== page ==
Henkel Harris

In May of 1946, my parents Carroll and Mary Henkel, together with close family friend John Harris, decided to begin producing furniture in the basement of the family home. Thus, from modest beginnings, the Henkel Harris legacy was born

The first finished Henkel Harris piece was a hand-crafted reproduction corner cabinet. The three young entrepreneurs were very excited about their accomplishment. Unfortunately, they faced one small problem – how to get the large corner cabinet out of the house! In their exuberance, they had failed to measure correctly, and the finished piece would not fit through the basement door. Carroll’s solution was to saw it in half and glue it back together. They then placed the corner cabinet in the back of an old pickup truck and drove to Washington, D.C. where it was quickly sold. While they were happy with their initial success, the three friends knew the basement was obviously not a place to produce furniture. Shortly after their return from Washington, D.C. the trio moved their tiny operation to a warehouse next door to the Henkel home.

Henkel Harris grew steadily from 1946 to 1954. The young company’s reputation for making quality furniture, however, spread rapidly. By 1954, the company employed 22 craftsmen and produced furniture from cherry, mahogany and walnut woods. That same year, John Harris sold his interest in the company to my parents and moved to Washington, D.C.

By 1964, the company had once again outgrown its existing facilities. This time, my father decided to design a new plant himself – one that was to become a model manufacturing facility.

After fighting cancer for over two years, my father passed away in January of 1969. At the time, it seemed as though everyone was advising my mother to sell the company. They said manufacturing was a man’s world, and that she would never make it. Despite receiving numerous offers to buy her out, my mother was resolute in her determination to keep alive the dream she and dad had shared. Through the sheer strength of her will, she proved the doubters wrong – showing a woman could make it in a man’s world! Under my mother’s direction, Henkel Harris continued to grow and expand. In 1996, her years of dedication were rewarded with her induction into the “Furniture Hall of Fame”.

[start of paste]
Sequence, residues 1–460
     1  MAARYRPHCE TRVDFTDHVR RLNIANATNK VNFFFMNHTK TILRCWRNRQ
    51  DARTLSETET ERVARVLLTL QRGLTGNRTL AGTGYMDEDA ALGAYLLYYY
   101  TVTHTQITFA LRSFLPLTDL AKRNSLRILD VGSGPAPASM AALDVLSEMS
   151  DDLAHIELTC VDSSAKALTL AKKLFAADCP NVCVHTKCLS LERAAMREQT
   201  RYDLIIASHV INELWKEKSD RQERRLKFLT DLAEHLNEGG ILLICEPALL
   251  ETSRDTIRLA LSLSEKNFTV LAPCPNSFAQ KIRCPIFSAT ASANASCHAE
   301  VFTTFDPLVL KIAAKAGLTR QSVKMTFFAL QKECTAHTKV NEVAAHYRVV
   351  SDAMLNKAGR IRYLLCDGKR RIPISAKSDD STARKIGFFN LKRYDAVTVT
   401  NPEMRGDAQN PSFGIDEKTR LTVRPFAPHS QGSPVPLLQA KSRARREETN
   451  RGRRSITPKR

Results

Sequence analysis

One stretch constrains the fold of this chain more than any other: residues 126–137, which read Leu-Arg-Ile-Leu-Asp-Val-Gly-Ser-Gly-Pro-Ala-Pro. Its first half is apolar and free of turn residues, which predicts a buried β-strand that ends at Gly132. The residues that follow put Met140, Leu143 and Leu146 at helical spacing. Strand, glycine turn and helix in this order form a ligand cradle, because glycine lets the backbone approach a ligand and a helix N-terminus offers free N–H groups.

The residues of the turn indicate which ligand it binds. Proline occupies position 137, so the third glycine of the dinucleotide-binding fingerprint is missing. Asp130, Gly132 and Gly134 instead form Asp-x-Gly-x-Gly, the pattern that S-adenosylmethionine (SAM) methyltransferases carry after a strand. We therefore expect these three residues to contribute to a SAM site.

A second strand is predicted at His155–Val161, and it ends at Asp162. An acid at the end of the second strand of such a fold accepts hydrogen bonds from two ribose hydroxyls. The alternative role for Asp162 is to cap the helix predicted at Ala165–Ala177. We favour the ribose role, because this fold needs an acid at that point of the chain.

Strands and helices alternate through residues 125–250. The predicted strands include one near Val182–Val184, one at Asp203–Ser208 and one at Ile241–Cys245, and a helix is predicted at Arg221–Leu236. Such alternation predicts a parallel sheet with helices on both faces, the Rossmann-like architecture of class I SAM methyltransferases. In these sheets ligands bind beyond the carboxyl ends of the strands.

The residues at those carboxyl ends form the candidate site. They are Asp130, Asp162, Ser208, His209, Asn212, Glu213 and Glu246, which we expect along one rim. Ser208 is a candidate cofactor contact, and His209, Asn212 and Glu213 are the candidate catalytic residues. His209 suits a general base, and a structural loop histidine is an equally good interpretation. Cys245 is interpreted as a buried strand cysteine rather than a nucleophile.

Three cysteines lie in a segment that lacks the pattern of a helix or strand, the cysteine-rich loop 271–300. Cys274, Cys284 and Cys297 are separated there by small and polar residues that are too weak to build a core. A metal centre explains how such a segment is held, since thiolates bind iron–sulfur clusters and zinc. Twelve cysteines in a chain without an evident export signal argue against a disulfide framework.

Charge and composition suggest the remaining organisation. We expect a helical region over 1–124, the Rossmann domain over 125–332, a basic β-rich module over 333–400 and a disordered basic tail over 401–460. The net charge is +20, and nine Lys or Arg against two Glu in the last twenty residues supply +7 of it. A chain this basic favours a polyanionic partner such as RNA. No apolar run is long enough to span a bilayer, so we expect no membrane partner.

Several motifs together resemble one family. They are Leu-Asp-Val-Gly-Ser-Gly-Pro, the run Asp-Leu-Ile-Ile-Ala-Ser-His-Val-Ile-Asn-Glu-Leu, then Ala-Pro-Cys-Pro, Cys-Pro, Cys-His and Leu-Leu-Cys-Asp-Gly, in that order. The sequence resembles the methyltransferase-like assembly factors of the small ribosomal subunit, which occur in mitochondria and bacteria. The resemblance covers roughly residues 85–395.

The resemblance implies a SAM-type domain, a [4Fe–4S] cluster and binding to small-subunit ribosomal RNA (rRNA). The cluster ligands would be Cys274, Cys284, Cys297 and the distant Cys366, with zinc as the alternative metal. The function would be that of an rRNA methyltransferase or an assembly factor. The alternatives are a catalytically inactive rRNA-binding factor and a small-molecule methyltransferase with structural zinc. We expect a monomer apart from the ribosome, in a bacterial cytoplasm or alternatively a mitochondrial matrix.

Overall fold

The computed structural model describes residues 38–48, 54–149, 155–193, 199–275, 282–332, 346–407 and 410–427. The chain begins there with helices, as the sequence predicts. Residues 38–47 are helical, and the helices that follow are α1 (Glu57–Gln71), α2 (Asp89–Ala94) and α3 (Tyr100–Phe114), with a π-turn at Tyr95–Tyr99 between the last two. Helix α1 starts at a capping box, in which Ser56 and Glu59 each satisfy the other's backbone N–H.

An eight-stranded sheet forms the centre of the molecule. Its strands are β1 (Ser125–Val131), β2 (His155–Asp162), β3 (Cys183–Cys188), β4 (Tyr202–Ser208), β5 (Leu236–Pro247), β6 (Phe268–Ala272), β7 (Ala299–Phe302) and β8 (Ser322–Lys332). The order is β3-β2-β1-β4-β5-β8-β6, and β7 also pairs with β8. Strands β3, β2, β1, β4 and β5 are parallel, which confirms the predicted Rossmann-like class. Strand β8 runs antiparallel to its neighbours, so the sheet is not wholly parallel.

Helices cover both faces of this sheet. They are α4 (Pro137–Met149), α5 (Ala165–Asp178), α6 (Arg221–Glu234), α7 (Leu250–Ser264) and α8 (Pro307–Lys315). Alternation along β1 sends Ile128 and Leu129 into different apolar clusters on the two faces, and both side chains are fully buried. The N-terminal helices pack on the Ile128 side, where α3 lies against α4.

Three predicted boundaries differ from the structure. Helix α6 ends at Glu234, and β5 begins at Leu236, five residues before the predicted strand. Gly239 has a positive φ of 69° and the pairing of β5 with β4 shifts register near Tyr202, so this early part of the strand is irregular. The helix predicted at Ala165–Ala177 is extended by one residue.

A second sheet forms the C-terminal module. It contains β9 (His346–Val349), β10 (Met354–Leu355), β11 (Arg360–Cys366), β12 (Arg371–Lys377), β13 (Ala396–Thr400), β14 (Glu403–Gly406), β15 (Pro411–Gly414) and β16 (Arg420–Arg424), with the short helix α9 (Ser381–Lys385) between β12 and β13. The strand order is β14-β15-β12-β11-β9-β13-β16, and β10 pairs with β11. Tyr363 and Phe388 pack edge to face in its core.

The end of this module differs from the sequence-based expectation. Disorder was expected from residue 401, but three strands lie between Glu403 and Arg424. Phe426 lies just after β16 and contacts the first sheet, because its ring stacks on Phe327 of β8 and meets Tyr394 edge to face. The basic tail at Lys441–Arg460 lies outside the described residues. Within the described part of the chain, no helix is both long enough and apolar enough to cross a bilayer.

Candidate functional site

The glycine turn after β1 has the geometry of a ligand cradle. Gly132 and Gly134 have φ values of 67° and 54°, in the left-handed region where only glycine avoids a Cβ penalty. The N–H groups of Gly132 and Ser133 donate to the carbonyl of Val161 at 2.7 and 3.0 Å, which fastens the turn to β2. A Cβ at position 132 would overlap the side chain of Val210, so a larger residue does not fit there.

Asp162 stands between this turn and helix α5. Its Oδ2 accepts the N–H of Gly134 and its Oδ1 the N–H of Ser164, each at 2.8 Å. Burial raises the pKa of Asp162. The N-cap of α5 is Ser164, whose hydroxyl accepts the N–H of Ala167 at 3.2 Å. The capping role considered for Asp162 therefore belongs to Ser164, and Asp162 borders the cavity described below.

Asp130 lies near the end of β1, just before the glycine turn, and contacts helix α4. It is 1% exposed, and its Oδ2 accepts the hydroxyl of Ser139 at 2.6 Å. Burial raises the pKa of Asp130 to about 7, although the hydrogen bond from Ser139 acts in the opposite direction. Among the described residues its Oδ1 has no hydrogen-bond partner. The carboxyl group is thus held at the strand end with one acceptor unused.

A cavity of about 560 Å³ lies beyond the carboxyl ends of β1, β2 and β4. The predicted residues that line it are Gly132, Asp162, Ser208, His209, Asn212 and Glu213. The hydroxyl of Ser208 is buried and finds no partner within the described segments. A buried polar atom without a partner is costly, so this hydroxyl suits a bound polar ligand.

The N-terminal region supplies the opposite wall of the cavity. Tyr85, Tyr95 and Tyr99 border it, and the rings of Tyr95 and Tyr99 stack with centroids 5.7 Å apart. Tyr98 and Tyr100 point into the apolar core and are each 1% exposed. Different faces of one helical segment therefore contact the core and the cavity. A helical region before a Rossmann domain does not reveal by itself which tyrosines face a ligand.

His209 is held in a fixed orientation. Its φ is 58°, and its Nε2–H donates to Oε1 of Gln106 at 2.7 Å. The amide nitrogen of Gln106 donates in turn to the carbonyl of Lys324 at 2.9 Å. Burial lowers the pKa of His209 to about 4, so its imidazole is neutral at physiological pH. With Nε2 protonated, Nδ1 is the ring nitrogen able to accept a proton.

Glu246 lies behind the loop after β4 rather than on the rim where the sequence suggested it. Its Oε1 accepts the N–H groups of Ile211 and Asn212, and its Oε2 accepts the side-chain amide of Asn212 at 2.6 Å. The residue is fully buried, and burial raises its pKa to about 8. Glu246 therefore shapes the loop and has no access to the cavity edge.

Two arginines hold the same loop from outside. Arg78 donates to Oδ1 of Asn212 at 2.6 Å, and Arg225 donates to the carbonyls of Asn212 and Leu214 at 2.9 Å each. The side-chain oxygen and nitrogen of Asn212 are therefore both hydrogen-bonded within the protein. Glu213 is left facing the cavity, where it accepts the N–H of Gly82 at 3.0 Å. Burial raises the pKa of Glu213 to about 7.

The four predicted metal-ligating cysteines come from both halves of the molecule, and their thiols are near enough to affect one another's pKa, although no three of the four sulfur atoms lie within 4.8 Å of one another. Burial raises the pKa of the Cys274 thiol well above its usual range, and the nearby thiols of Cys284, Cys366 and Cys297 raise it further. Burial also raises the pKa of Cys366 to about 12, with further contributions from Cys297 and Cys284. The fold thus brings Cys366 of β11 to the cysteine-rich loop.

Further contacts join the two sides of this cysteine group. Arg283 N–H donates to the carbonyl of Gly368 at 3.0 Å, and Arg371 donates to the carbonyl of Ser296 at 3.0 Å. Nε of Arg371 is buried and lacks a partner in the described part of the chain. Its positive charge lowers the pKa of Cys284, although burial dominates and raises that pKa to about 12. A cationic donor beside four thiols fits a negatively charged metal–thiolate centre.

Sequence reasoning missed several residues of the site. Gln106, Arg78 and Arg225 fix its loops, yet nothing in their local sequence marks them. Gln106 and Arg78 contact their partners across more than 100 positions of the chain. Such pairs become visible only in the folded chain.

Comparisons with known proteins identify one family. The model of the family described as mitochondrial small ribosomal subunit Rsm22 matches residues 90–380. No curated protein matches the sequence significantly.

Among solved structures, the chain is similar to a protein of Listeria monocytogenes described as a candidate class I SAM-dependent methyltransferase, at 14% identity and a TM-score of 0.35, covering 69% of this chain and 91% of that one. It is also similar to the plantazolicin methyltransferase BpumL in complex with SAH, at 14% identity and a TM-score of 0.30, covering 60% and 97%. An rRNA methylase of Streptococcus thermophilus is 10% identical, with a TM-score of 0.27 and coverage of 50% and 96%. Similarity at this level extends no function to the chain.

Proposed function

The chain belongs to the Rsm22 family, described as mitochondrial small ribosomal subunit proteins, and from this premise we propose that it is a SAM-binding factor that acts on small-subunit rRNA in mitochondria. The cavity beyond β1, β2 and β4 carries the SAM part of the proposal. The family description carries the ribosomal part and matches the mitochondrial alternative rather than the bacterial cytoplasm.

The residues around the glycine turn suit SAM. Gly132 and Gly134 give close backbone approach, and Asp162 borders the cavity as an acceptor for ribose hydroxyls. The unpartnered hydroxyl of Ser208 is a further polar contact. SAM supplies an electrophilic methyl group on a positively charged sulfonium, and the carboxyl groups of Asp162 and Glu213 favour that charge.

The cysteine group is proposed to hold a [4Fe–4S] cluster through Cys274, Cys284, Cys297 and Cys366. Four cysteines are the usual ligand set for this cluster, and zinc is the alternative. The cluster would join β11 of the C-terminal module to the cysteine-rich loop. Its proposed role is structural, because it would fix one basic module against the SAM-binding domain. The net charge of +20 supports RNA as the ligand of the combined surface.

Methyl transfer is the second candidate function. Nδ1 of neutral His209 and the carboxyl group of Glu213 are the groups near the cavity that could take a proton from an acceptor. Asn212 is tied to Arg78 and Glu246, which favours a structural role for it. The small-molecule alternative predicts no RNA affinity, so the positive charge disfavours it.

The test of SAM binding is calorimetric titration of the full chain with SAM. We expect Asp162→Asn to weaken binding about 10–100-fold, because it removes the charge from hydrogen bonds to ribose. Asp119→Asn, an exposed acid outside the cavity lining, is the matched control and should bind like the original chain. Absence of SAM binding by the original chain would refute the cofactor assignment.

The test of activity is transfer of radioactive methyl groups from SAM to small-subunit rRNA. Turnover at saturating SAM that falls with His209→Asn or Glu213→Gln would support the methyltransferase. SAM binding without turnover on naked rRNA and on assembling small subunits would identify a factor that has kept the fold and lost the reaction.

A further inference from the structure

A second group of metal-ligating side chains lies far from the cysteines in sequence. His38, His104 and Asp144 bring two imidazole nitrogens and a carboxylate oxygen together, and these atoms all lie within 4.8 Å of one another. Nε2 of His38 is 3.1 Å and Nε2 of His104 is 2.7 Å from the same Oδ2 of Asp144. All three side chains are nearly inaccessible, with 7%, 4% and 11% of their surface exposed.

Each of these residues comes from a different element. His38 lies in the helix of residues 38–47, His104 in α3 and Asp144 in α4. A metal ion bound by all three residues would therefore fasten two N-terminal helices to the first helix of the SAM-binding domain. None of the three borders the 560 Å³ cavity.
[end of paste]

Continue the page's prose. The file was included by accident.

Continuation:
In 1982, I became President and CEO of Henkel Harris, with my mother continuing to serve as Chairman of the Board. Following the example set forth by both my father and mother, I have been honored to guide Henkel Harris and to help establish it as a leader in the design and manufacture of the highest quality furniture.

November of 2001 marked another tragic event for all of us at Henkel Harris with the passing of my mother, Mary McKenzie Henkel. But in her passing, she left an enduring legacy, one that I and my sons, Mac, Mark and John Carroll, will continue to follow as we lead the company into the future. As a family unit, we all serve on the Board of Directors. Mac and Mark work at the factory every day, as will John Carroll upon finishing his education.

The legacy built by my father and mother and passed down to the generations who have followed, is why a company, which grew from a tiny basement in the Henkel home in 1946, continues today to be “Just Possibly America’s Finest Furniture.”


Henkel Harris
2983 South Pleasant Valley Road
Winchester VA 22601
540.667.4900

www.henkelharris.com

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